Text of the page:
On 7/11/2011 11:04 AM, Prakash Reddy Bande wrote:
> We were looking at the ways we can optimize our application. Our app
> does a simple sqlite3_exec and sends the callback as below. The data
> is just a map<string, vector<string>  >
> int sqlite3TableCallback(void* data, int ncols, char** values, char** headers)
> {
>              map<string, vector<string>  >&  table = *(( map<string, 
> vector<string>  >*) data);
>              for (int i = 0; i<  ncols; i++)
>              {
>                    if(values[i])
>                          table.Data[headers[i]].push_back(string(values[i]));
>                    else
>                          table.Data[headers[i]].push_back(string());
>              }
>              return 0;
> }
> Here, we wanted to optimize the string construction of string in
> table.Data[headers[i]]. We were happy to notice that the headers were
> pointing to the same address, hence we are planning to enhance the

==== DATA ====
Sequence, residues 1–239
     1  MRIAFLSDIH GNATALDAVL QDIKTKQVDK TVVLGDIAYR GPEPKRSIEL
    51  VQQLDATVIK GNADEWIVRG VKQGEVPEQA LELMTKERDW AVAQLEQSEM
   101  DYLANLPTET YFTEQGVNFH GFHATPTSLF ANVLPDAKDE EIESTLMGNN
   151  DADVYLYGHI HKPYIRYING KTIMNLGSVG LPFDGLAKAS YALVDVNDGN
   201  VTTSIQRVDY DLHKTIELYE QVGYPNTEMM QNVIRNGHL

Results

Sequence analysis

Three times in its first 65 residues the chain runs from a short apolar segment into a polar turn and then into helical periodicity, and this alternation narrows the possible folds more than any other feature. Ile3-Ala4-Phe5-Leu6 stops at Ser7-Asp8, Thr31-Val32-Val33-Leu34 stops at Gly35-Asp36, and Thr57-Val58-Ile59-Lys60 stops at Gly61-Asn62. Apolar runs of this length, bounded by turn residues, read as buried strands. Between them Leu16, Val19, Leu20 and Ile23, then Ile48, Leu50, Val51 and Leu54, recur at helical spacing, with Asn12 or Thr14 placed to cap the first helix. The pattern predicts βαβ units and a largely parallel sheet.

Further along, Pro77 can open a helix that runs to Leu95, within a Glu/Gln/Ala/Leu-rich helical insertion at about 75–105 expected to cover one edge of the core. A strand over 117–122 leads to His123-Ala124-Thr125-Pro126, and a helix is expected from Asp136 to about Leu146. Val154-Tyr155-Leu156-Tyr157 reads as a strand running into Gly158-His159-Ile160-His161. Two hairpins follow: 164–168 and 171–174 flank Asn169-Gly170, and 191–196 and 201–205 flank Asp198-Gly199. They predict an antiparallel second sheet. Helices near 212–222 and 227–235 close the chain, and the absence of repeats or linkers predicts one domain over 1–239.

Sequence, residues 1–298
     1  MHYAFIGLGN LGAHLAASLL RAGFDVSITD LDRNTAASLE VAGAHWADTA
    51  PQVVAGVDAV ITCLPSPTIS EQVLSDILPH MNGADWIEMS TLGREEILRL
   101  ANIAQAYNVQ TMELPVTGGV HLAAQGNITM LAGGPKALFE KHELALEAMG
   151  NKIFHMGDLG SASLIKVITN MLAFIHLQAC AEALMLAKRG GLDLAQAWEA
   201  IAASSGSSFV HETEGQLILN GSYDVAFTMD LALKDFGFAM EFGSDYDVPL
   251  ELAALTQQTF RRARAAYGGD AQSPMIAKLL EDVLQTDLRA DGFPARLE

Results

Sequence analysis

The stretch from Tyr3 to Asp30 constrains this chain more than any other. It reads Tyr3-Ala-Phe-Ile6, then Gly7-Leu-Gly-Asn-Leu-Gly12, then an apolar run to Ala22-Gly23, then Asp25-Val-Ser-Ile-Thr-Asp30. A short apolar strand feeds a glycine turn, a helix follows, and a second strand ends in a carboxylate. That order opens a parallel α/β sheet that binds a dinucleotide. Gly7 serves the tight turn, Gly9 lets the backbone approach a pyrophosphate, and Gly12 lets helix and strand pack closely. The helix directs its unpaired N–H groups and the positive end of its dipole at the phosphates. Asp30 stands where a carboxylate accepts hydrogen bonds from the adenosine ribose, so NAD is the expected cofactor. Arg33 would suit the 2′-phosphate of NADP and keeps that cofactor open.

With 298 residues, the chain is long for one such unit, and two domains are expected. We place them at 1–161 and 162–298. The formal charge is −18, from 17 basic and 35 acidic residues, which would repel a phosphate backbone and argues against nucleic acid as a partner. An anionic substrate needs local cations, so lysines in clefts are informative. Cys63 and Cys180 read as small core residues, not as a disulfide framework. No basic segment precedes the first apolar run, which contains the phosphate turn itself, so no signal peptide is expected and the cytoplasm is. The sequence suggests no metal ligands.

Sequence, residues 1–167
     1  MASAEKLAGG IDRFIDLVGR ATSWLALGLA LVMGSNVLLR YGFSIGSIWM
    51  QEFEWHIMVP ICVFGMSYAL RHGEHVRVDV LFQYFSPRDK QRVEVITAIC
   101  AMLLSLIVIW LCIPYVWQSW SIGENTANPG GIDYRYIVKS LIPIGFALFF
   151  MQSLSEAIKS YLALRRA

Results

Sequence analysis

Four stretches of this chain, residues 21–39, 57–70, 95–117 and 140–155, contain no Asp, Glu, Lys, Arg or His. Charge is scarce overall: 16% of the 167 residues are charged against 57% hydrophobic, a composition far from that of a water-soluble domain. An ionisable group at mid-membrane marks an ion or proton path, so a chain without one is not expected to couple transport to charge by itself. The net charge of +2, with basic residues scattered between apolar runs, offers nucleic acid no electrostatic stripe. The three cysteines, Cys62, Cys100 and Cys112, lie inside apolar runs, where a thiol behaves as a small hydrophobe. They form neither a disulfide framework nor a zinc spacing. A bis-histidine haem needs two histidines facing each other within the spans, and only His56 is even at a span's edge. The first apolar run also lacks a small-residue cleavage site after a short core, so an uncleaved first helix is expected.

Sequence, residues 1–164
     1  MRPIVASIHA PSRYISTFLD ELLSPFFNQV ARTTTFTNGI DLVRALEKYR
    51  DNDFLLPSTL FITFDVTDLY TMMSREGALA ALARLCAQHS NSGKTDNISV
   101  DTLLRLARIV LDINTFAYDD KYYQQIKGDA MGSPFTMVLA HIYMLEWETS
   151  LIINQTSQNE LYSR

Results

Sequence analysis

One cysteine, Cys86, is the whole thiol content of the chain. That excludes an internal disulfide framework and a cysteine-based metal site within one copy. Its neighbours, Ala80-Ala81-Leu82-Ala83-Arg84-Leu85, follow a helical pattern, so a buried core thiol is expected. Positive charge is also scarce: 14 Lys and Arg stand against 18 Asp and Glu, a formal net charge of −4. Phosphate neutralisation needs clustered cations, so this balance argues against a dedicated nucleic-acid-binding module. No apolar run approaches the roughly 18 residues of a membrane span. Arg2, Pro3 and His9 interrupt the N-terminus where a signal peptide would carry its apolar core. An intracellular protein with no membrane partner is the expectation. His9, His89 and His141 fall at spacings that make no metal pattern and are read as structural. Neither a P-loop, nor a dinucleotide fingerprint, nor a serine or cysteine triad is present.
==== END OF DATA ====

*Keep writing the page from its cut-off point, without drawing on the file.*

> callback data so that it can track map<char*, string>, and then in
> the table.Data[headers[i]] we can pass reference to the string
> preventing its construction and destruction. Agreed, there will be
> another look-up in the map, for char* to string.

Personally, I'd build a vector<vector<string> >, just assigning 
sequential numbers of columns. You could also build a vector<string> 
containing column names the first time the callback is called. With 
these two in hand, it's trivial to build a map<string, vector<string> > :

for (int i = 0; i < data.size(); ++i) {

Actually, I'd not use sqlite3_exec at all, but instead a loop based on 
sqlite3_prepare and sqlite3_step.
Igor Tandetnik

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